One of the difficulties that I had when I first came to the House was recalibrating with regard to the intellectual ability of those with whom I spend time. My hon. Friend was, I believe, a policy adviser at No. 10, and he appears to know everything. I defer entirely to his encyclopaedic knowledge of housing issues, and I agree entirely with his point. When I sit in meetings, I have found that because so many people are focused on housing problems in London and the south-east, they sometimes fail to see that there could be any empty properties outside London. To be honest, I am not entirely sure they care about the rest of the country. It is a pleasure to be joined in the new 2017 intake by somebody of the gifts and abilities of my hon. Friend. As I say, he made a very important point.
I am greatly enjoying my hon. Friend’s speech. I can confirm that in my area we are struggling with properties that are empty. It causes a problem all over our country. One of the most positive aspects of this Bill is that a consequence of bringing properties back into use would be less pressure on developing our open spaces. People in Harrogate and Knaresborough are perfectly comfortable with the idea that we need to build more properties, but they are also concerned about the loss of open space. Having higher-density use of existing property goes some way towards protecting the green spaces that we all seek to protect.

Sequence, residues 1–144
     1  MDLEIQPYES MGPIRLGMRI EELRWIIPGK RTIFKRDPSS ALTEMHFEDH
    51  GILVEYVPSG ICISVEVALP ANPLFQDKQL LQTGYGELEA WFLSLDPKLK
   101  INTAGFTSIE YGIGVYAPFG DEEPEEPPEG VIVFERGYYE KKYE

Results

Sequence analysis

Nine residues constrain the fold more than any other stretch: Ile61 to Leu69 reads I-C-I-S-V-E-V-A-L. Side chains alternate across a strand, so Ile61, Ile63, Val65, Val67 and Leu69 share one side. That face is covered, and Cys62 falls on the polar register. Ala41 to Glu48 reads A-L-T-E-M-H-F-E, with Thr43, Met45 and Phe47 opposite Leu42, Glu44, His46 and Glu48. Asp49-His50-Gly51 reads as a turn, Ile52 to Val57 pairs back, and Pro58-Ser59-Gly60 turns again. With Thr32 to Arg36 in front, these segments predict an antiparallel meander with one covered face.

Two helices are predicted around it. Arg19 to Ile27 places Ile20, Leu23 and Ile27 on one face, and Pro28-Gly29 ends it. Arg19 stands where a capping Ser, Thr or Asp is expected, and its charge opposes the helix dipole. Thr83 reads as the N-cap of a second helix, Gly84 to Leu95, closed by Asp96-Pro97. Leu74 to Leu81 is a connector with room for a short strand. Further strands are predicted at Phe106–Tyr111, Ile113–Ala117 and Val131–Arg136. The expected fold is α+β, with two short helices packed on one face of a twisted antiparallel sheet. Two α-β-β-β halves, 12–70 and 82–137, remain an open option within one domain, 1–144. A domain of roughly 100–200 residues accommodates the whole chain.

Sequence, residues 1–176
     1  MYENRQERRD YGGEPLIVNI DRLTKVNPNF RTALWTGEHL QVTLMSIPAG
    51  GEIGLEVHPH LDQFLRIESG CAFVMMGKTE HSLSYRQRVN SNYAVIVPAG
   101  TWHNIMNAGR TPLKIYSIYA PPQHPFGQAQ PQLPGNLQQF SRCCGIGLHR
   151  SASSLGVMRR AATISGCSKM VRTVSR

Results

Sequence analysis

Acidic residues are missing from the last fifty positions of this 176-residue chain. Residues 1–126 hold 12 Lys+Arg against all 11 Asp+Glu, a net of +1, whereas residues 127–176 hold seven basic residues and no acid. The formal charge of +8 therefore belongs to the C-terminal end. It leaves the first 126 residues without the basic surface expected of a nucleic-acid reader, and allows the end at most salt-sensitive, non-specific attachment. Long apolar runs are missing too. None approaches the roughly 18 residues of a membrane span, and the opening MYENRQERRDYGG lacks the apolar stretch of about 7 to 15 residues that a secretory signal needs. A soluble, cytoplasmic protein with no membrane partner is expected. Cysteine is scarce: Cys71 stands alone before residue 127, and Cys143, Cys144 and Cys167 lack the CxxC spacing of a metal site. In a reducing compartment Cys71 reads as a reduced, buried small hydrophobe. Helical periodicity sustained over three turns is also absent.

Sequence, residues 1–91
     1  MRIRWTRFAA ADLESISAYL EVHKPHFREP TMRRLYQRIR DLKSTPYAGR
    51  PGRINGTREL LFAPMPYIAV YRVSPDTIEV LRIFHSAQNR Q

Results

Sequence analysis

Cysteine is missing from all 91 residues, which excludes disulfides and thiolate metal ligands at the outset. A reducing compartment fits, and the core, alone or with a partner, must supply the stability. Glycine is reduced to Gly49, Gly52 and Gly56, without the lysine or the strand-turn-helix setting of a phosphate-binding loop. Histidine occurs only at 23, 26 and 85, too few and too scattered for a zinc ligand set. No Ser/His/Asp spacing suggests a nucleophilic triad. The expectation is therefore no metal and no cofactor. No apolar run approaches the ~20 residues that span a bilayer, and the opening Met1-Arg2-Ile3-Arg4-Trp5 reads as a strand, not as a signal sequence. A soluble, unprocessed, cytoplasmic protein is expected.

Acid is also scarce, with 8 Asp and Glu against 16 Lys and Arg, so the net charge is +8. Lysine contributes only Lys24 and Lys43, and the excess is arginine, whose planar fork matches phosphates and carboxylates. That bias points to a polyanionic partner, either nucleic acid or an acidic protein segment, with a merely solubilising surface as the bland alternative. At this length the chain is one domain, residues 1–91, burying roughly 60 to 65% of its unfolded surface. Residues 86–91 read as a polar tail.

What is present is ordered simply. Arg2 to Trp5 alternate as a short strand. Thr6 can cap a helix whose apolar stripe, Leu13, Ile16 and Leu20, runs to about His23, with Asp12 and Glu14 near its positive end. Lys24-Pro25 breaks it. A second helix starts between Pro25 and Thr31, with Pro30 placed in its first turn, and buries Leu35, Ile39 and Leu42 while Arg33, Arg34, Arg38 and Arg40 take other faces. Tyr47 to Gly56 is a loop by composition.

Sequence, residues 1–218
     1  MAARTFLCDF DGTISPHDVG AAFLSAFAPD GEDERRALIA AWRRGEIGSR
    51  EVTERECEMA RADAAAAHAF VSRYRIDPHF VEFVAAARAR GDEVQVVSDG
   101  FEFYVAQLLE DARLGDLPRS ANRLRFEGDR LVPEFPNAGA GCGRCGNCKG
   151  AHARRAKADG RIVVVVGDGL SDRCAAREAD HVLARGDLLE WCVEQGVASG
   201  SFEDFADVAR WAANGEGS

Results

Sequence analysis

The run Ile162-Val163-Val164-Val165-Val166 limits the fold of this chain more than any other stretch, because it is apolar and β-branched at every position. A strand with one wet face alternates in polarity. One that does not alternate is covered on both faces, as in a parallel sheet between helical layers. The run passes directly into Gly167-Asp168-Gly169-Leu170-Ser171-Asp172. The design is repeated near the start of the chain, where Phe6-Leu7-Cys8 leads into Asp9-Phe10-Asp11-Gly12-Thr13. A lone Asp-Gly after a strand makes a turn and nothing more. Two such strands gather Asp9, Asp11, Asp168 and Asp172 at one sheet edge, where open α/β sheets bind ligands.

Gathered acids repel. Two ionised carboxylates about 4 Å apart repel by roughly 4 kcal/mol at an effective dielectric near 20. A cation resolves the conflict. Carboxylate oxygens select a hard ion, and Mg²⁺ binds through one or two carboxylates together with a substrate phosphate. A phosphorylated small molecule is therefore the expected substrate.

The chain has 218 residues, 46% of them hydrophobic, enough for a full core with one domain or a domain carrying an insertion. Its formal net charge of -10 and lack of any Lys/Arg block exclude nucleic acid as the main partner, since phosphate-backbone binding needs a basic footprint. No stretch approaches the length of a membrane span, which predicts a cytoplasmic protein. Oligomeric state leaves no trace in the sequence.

My hon. Friend makes a very valid point.
Let me borrow a slightly amended phrase from Shelter, which said, “The housing crisis isn’t about homes—it’s about people.” I agree with that principle completely. When people see that there is an increase in demand for property and know that properties in their neighbourhood have been left vacant for a long time, they are probably scratching their heads and thinking, “This Government are so progressive and so able in so many areas—why are they not tackling this issue?” Well, today they are.
My hon. Friend talks about the individual. The property of an individual who fell on hard times might become run-down because they had run out of money. Does he think that at a later stage the Government might consider investing money to bring back into use vacant properties that have fallen into disrepair?
My hon. Friend has suggested an innovative solution to some elements of the housing crisis. However, we should bear it in mind that there is flexibility with regard to the application of the enhanced rate. Whereas councils can currently apply a premium of 50%, clause 2, which amends section 11 of the Local Government Finance Act 1992, introduces the flexibility for them to apply a premium of between 50% and 100%. That flexibility with regard to the interpretation and application of this law will allow some scope to cover the sorts of cases that he mentioned.